## RE reciprocal consecutive primes

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----- Original Message -----

From: "Milton Brown" <miltbrown@...>

Actually, it doesn't seem that hard:

1/p < 1/q + 1/r

q>=p+2

r>=q+2>=p+4

It must be shown that 1/p < 1/(p+2) + 1/(p+4)

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FALSE. If r>=p+4, then 1/r <= 1/(p+4). Considering the case where 1/r = 1/(p+4) and 1/q =

1/(p+2) is a best case study, not a worst case one.

Jose Brox

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----- Original Message -----

From: "Jan van Oort" <glorifier@...>

p^2 > mn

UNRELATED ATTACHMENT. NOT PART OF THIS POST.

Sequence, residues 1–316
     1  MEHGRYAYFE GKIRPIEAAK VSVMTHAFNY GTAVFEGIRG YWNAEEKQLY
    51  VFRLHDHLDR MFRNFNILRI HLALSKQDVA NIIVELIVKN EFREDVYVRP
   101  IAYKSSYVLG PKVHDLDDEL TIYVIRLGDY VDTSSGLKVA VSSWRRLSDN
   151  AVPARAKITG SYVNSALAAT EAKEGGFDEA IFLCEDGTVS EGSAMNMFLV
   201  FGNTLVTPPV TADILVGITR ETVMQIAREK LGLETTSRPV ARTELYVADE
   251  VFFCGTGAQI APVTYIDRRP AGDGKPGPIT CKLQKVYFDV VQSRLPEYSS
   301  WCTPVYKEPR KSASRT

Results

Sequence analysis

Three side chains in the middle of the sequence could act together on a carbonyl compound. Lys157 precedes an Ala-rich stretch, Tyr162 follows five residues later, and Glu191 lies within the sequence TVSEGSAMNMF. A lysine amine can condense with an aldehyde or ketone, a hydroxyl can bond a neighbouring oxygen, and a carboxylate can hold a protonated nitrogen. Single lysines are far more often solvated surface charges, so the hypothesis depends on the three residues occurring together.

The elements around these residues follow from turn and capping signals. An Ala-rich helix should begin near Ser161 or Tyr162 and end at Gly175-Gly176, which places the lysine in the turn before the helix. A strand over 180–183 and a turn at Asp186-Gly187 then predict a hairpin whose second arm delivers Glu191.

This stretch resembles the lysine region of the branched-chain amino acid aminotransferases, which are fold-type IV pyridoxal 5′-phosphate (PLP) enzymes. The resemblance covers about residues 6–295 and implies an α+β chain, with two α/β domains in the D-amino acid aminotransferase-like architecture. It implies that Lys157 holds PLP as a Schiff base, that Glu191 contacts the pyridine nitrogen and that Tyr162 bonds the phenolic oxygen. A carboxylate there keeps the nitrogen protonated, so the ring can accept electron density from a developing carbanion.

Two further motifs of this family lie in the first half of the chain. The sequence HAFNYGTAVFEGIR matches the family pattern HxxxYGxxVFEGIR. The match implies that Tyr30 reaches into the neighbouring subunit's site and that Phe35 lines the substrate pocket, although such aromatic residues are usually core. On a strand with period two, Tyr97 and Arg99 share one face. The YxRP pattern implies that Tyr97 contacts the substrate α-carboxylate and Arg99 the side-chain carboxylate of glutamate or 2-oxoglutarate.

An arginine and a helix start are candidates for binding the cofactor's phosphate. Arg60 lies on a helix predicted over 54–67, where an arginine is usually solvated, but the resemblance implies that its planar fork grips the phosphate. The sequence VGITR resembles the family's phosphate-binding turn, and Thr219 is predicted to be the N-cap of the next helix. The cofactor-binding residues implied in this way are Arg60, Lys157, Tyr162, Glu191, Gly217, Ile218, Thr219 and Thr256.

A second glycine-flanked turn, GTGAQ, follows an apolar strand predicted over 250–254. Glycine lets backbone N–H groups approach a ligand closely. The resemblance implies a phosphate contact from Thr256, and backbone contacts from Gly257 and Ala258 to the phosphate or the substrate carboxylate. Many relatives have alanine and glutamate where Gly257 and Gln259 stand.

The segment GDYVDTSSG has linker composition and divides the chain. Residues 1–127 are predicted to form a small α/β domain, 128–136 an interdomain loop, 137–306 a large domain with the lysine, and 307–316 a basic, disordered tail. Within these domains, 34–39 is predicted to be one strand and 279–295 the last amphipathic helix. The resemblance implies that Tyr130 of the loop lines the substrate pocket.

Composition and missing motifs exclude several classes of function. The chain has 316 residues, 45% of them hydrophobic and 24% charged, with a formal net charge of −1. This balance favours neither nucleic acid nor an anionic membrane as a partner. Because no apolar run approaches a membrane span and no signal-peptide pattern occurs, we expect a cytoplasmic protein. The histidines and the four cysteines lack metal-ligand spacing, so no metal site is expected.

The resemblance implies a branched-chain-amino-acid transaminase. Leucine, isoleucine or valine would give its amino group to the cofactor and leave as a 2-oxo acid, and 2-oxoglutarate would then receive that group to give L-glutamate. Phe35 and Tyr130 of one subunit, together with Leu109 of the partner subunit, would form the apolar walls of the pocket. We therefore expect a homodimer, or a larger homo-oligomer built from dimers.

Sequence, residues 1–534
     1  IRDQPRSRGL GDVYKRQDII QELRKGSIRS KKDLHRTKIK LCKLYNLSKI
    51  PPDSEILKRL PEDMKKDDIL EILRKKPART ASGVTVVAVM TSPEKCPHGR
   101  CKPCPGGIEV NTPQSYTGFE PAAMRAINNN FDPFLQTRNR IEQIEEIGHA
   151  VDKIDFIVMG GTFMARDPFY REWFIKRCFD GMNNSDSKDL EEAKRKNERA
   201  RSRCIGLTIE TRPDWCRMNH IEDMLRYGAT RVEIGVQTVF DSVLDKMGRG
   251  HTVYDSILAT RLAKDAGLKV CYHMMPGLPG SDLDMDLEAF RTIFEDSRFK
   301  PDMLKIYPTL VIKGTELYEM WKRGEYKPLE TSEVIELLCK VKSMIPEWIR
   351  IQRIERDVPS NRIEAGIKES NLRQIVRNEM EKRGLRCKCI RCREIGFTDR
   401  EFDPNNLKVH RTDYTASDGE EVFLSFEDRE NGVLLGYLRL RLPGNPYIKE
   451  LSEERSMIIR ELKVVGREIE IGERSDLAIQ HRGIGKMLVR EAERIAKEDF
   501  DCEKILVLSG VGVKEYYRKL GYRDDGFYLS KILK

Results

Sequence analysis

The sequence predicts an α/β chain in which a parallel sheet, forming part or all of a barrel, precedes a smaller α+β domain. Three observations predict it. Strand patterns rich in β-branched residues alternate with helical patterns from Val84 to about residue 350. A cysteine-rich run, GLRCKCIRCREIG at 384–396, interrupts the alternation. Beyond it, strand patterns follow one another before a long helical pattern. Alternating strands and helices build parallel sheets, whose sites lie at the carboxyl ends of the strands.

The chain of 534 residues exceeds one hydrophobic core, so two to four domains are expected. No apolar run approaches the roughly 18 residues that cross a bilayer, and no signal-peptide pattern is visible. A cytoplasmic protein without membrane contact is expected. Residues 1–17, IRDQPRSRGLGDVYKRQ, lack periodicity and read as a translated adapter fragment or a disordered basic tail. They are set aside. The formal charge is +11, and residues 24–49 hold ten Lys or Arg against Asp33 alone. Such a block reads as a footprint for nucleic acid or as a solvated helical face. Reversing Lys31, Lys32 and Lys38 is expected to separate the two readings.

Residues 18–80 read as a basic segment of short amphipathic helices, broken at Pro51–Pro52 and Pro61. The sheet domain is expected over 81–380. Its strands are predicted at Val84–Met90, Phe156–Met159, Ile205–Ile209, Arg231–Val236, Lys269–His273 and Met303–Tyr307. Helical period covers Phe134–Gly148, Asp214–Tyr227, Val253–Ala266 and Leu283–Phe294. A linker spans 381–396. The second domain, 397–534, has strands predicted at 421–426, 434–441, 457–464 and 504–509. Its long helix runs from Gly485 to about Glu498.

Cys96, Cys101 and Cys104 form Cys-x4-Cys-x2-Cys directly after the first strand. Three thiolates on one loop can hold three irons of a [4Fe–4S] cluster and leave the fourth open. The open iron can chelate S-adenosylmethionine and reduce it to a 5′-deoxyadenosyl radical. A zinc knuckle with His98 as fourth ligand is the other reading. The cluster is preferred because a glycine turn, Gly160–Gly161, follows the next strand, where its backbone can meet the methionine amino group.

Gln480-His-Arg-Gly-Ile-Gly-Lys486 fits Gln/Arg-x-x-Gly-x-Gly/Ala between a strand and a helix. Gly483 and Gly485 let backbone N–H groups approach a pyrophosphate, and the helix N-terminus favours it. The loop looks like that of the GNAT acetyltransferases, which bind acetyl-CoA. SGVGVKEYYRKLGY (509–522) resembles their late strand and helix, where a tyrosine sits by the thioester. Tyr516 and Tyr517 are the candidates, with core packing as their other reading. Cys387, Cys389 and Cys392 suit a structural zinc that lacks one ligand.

which is true iff

( m < p AND n < p ) OR ( m = p + a AND n = p - b AND b > a ) ( condition i )

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Jose:

That's not true.

Consider b = a-1, then we have

m*n = (p+a)(p-b) = (p+a)(p-a+1) = p^2 +p-a(a+1)

If a(a+1) > p, then m*n < p^2, with b < a, m=p+a, n = p-b. You can get similar results

with different b < a.

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Jan:

now condition ( i ) only holds iff Bertrand's postulate holds

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Jose:

Can you explain why? I can't see it at the moment.

Jose Brox

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